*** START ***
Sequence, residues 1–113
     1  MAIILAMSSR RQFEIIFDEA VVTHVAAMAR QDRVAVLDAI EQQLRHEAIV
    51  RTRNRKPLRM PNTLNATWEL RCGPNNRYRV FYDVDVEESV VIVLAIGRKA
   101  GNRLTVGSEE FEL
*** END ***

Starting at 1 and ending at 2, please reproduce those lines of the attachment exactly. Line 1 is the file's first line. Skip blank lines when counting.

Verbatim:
Sequence, residues 1–113
     1  MAIILAMSSR RQFEIIFDEA VVTHVAAMAR QDRVAVLDAI EQQLRHEAIV